You don’t have to be a dog owner to know that dogs pretty much lick everything, whether it’s themselves, people’s faces and hands, random objects, or even their own poop! As a society we have just accepted this as fact, and it would actually be a little strange if a dog DIDN’T lick everything in sight. While it can be a concern sometimes if your pup seems to be doing TOO much licking, most of the time I think it’s safe to say that we dog owners wonder to ourselves: WHY are you LICKING THAT? Well, let’s debunk this mystery once and for all, shall we? First, let’s begin with why they lick people:
Dogs Lick People…usually because they are showing affection to the person being licked! If a dog licks you, or gives you “kisses”, that’s a good sign that it is feeling comfortable around you. The same can be said for most pets, actually – so if you encounter any animal that licks you, it’s a good sign! But why is this how a dog expresses its love for you? Well, as puppies, they are licked by their mother in the first few weeks of their infancy for a variety of reasons – cleaning, stimulating bodily functions (urinating and defecating), and comfort. Because of this, puppies have the instinctual understanding that licking equates to showing affection and love, so they carry this into adulthood. Although don’t get too excited, you might just have something delicious or smelly on your hands that the dog is licking for the taste!
Dogs Lick Each Other…for a number of reasons, which could appear to be confusing. If a dog is licking another dog, it could be that it is trying to clean it or show affection. Especially if the dog in question seems to be assuming the “motherly” role (or is actually the mother), they will lick other dogs in order to provide comfort (for reasons just explained in the paragraph above). Some dog training experts say that sometimes a dog will lick another dog in order to assert dominance, and to be especially cautious if they are licking another dog’s mouth. Every so often a dog licking another dog’s mouth – which can appear to be “French kissing” – leads to an aggressive encounter. Perhaps because the dog on the receiving end doesn’t want to be kissed, and the kisser doesn’t take a hint? Either way, just be aware and make sure your dog kisses others safely!
Dogs Lick Themselves…to bathe themselves, but it can also turn into a type of a nervous habit that they resort to in stressful situations. Especially when dogs are in shelters and also adopted to new homes, experiencing stress, fear, or depression can lead to licking themselves obsessively in order to cope with their emotional issues. If it’s really bad, it can progress into biting themselves – so steps should be taken to stop excessive licking altogether. Usually they lick the same spot(s) over and over, causing a skin irritation or “hot spot” that needs to be treated as well, although another reason that a “hot spot” can show up is because of allergies. If your dog is licking itself a lot (especially its paws or belly), it could either have walked on something that caused an allergic reaction, or they could have an actual skin issue that needs to be treated with medication. Until the allergen is pinpointed, your dog will keep licking (and perhaps biting) itself to relieve the itching.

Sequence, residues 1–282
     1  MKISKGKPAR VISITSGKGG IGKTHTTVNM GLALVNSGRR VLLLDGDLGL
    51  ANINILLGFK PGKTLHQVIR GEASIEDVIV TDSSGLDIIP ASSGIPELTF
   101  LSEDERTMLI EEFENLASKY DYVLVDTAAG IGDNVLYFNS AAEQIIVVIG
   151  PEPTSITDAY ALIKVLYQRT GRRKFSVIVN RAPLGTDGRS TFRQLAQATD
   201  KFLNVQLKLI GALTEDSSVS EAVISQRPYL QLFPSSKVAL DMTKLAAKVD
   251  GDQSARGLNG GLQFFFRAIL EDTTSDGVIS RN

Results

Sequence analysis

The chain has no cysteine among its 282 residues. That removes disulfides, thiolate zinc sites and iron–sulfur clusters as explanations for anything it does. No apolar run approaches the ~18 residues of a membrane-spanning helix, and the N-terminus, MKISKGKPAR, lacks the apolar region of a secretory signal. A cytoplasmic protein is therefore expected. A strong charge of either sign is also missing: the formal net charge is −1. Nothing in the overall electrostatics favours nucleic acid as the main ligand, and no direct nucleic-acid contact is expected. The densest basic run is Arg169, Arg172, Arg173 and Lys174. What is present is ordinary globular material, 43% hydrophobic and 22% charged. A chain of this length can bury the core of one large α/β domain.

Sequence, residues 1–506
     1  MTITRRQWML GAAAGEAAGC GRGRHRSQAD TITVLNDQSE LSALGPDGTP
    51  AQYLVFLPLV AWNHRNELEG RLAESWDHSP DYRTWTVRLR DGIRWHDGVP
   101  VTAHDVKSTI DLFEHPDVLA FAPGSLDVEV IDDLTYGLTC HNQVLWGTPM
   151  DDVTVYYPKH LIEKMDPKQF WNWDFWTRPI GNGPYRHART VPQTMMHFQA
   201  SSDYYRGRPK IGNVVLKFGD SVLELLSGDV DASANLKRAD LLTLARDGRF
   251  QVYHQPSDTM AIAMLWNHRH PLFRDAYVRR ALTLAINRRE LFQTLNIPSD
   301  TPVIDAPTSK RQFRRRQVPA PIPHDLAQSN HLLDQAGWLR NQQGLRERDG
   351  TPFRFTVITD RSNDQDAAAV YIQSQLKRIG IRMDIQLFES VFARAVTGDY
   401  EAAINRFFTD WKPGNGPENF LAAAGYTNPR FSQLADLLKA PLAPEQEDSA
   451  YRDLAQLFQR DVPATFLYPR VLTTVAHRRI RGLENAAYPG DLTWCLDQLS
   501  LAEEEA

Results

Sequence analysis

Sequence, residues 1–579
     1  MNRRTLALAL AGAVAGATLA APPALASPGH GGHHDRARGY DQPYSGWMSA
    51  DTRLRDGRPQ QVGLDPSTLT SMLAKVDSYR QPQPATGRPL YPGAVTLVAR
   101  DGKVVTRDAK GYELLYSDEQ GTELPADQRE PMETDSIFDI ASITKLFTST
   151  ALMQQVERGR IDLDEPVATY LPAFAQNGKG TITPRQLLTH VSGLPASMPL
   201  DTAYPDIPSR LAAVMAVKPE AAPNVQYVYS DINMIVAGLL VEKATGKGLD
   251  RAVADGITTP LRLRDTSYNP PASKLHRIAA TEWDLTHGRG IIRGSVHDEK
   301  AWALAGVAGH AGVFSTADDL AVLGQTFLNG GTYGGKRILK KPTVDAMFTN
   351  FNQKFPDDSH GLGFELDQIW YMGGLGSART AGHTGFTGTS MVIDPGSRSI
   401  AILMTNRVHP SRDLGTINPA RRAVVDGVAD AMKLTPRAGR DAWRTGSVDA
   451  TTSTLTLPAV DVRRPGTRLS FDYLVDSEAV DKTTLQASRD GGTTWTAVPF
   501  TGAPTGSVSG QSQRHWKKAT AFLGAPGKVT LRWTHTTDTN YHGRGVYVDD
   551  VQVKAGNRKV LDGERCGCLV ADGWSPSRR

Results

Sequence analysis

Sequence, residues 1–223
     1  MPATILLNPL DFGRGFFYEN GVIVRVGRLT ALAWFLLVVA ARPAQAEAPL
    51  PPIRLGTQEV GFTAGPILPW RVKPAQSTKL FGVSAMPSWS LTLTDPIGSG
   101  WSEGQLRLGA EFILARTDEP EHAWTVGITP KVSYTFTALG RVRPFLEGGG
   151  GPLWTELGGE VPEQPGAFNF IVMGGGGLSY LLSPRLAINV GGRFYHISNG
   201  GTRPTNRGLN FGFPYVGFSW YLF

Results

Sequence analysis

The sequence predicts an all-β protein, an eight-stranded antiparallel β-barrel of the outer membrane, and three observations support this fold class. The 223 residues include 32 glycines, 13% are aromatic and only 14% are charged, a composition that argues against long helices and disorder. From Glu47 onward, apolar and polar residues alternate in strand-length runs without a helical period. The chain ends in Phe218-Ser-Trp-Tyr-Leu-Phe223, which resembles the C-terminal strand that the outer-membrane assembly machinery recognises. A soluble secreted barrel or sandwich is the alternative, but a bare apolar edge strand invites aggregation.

Dogs Lick Faces…because we have a mouth, nose, and other features (facial hair, makeup, etc.) on our faces that all have curious smells. Especially if we eat something particularly pungent, we could have very “interesting” smelling breath that is intriguing to a dog to try and taste with its tongue. If we have food around our mouths, or in our beard that we didn’t know was there, a dog will surely find it immediately. If a certain type of skin foundation or lip gloss has a sweet smell, a dog will definitely try and taste it. Without being too gross, if you have a runny nose or eyes, a dog will probably want to investigate that with its tongue as well. The face has so many interesting things for a dog to explore, it’s almost like a built-in toy for them!
Dogs Lick the Ground, Carpet, Couch, Bed, Rocks, etc…to somehow satisfy a craving that it has for a certain mineral, residue, or other such material (if there isn’t food left on the ground, that is). If your dog is constantly licking your driveway, it may be that there is some dirt particles that contain traces of iron, magnesium, or carbon that are missing from its diet. If your dog is licking on rocks, boulders, or other stones, it could be trying to get some sodium, and if it is licking tile, bathtubs, or other surfaces, it could be looking for calcium, potassium, or some other mineral. If it is a surface that seemingly doesn’t have any kind of mineral deposit on it, your dog could just enjoy the rough texture against its tongue. If it becomes a problem, it could be a sign of your dog being bored, stressed, and/or anxious, especially if it’s after an event such as you leaving, a telephone ringing, a door slamming, etc. Sometimes, obsessive licking can actually point to a medical issue, such as a gastrointestinal or digestive problem.
Just think for a minute what you would do if you were as limited as dogs are in experiencing the world – if you weren’t able to grab things, hold things, talk about things – wouldn’t you probably lick everything around you? Consider this the next time you’re grossed out by your dog licking something random, and don’t judge them too harshly for it. But, keep an eye on them and make sure that the licking isn’t excessive, unhealthy, or otherwise indicative of a behavioral/health problem. As long as they are practicing safe-licking, then there probably is nothing to worry about.